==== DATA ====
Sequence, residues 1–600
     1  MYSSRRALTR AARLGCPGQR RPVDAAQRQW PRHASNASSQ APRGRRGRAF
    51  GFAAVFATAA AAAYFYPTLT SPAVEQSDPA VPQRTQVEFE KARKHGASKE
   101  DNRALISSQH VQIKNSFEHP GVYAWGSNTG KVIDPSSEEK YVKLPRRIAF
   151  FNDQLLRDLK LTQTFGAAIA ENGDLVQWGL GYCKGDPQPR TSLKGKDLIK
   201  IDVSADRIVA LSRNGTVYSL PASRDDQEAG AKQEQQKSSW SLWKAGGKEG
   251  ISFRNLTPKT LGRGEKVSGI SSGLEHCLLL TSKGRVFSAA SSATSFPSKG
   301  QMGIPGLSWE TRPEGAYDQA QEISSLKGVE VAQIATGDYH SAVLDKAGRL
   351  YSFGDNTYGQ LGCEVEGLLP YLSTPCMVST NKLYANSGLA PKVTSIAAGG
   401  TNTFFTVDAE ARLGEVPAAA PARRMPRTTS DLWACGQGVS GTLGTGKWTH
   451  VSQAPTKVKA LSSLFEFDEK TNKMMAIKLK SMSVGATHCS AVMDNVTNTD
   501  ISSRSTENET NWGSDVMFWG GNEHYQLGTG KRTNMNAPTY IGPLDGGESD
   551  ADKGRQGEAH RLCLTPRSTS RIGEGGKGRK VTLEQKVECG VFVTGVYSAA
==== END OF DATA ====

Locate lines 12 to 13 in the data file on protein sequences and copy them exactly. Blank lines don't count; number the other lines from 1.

   501  ISSRSTENET NWGSDVMFWG GNEHYQLGTG KRTNMNAPTY IGPLDGGESD
   551  ADKGRQGEAH RLCLTPRSTS RIGEGGKGRK VTLEQKVECG VFVTGVYSAA